# How can I generate a list of all Tetrominos?

How can I generate a list of all Tetrominos? Or, more generally, how can I generate a subset of the polyominoes restricted to a number of cells?

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There are many ways to do this. One option that I've found works well is to think about it recursively and more generally. In particular:

1. A single rectangle is a 1-omino.
2. For any n-omino, you can create an (n+1)-omino by putting a block adjacent to any of the blocks from an n-omino.

This gives you a recursive way of listing all possible n-ominos. You need to be careful, though, since this will generate multiple rotations and translations of the same n-ominos. You can fix this by picking some reference coordinate system and then translating the n-omino so that it is always flush with the axes of that system. Once you've got that working, you can generate all rotations by just rotating the resulting n-omino around the axes, then translating it back to the canonical position.

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Tetrominos are shapes. Computers do not have direct representation of shapes, they have representations of numbers as binary signals. You, the programmer, determine how you want to represent a shape as a number. They can be stored as bitmaps, strings, an enum...

You'll have to write a much clearer question if you want specific help.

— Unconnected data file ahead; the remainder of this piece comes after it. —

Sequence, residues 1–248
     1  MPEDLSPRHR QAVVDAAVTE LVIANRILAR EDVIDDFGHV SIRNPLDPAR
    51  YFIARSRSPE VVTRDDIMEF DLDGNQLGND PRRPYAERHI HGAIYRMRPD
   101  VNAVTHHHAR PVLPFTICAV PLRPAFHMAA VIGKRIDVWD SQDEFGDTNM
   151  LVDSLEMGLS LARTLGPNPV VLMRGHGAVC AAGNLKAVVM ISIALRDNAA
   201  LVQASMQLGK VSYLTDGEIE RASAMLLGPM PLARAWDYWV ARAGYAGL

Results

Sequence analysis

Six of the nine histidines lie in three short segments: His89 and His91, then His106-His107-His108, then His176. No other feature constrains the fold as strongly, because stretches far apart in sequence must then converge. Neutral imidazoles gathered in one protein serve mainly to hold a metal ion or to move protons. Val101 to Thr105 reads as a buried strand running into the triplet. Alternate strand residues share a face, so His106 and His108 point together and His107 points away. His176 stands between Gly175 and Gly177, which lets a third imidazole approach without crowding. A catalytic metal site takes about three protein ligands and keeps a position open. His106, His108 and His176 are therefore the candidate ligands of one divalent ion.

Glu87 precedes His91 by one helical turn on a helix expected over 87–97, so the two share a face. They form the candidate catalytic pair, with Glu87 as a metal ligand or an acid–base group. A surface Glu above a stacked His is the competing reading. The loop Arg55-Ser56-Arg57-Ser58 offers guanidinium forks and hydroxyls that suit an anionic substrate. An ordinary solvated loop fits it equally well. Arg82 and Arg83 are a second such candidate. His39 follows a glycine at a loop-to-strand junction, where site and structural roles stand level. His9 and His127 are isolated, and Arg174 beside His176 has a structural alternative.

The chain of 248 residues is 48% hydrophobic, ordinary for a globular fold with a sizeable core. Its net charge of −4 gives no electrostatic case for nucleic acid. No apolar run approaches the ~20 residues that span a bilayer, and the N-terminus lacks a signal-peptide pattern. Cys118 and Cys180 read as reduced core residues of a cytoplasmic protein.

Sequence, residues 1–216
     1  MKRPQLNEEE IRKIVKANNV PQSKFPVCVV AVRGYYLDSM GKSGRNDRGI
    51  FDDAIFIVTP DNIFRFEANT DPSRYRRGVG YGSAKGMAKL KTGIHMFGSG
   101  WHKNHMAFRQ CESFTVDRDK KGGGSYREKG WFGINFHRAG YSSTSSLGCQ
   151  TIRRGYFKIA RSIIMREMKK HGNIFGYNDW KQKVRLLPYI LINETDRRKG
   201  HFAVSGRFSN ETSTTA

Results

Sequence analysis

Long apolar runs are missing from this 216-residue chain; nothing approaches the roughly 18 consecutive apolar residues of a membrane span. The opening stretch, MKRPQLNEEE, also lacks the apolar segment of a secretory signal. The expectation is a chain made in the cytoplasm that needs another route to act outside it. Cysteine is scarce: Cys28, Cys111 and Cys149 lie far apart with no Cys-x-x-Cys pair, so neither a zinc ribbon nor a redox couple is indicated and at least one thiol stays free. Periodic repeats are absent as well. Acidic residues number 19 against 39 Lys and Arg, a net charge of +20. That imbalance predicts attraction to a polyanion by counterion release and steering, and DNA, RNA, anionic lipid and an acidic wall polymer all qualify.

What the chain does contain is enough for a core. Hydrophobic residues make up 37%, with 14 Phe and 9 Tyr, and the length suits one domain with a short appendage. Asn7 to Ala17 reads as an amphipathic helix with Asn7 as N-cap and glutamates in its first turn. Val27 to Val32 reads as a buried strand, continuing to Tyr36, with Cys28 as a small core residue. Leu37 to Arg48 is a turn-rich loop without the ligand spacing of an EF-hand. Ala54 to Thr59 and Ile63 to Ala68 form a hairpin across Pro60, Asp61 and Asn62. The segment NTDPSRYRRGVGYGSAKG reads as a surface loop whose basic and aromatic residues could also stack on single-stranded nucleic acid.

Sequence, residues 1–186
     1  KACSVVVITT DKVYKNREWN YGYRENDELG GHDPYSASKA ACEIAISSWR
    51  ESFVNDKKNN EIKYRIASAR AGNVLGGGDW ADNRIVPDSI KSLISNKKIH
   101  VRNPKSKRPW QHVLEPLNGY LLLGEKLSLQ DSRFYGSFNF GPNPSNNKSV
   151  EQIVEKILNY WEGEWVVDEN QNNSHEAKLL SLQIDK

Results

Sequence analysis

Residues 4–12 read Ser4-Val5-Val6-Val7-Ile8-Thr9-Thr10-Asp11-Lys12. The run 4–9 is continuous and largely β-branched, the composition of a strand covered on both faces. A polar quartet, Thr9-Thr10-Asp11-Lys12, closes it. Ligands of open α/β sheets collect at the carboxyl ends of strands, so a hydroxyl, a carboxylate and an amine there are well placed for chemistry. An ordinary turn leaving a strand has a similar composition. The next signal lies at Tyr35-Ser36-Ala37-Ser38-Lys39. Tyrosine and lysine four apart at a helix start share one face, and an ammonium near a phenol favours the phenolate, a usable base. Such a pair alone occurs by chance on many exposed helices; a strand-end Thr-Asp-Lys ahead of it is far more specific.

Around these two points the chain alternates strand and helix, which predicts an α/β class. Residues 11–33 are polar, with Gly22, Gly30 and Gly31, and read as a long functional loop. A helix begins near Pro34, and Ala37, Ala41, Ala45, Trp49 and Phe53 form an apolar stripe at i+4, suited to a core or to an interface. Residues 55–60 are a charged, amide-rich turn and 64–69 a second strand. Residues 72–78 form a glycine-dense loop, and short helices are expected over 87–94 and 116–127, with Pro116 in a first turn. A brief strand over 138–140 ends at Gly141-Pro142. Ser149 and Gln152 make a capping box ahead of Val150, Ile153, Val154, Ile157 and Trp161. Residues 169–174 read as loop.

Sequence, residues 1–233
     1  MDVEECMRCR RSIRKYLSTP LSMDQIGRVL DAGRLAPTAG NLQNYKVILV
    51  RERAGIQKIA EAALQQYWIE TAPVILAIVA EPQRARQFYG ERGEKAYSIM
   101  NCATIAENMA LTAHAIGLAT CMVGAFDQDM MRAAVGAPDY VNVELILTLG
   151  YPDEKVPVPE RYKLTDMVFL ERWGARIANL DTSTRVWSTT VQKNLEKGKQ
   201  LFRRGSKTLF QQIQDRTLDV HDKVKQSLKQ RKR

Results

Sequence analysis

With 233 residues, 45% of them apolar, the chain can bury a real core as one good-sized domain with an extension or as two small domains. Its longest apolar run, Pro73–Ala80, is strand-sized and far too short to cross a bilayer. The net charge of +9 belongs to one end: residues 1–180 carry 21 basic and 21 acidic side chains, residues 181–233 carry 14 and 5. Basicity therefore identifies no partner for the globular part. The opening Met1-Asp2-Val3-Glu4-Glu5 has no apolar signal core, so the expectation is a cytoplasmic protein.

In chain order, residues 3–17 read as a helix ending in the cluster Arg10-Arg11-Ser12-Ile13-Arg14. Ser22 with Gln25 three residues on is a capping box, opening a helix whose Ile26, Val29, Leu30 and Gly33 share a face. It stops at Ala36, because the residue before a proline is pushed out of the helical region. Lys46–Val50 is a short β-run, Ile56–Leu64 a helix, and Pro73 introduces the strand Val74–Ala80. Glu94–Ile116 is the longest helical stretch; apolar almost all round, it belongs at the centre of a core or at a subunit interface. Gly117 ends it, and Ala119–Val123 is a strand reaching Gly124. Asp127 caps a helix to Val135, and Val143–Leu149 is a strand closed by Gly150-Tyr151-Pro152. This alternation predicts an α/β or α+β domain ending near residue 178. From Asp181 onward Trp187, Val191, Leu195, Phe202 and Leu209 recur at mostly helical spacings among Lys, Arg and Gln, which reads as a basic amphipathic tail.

I'm also curious why you want to generate a list of 7 known, unchanging shapes. If you were writing a Tetris game, you would hardcode those 7 shapes somewhere, as variables, constants or images, not generate them.

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I searched stack overflow for "Tetrominos" and I didn't see anything. It didn't occur to me to search for "Polyominoes" until after I posted, whereupon I saw: stackoverflow.com/questions/4650762/… And I think it is interesting to see an algorithm which can do this. I will be investigating the first post to the link I provided. –  Mark Jan 24 '11 at 4:07

The biggest grid you need for an N-omino is NxN. Generate all then exclude rotations and translations.

You can think of it as a path-following algorithm in N-1 steps. If you start from the top-left cell of the grid and only move right or down from there, you will avoid most translations and rotations. If I'm not mistaken, the only ones that will be left are the isomorphic N-ominones. E.G. the tetromino made by the path Right-Down-Left is the same as Down-Right-Up.

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